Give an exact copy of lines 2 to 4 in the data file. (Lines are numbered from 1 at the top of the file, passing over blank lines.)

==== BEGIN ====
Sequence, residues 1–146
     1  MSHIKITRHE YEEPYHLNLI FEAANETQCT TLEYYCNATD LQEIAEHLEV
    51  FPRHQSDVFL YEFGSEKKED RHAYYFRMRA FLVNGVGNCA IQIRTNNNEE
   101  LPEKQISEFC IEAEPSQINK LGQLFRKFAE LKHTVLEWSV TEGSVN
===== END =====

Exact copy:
     1  MSHIKITRHE YEEPYHLNLI FEAANETQCT TLEYYCNATD LQEIAEHLEV
    51  FPRHQSDVFL YEFGSEKKED RHAYYFRMRA FLVNGVGNCA IQIRTNNNEE
   101  LPEKQISEFC IEAEPSQINK LGQLFRKFAE LKHTVLEWSV TEGSVN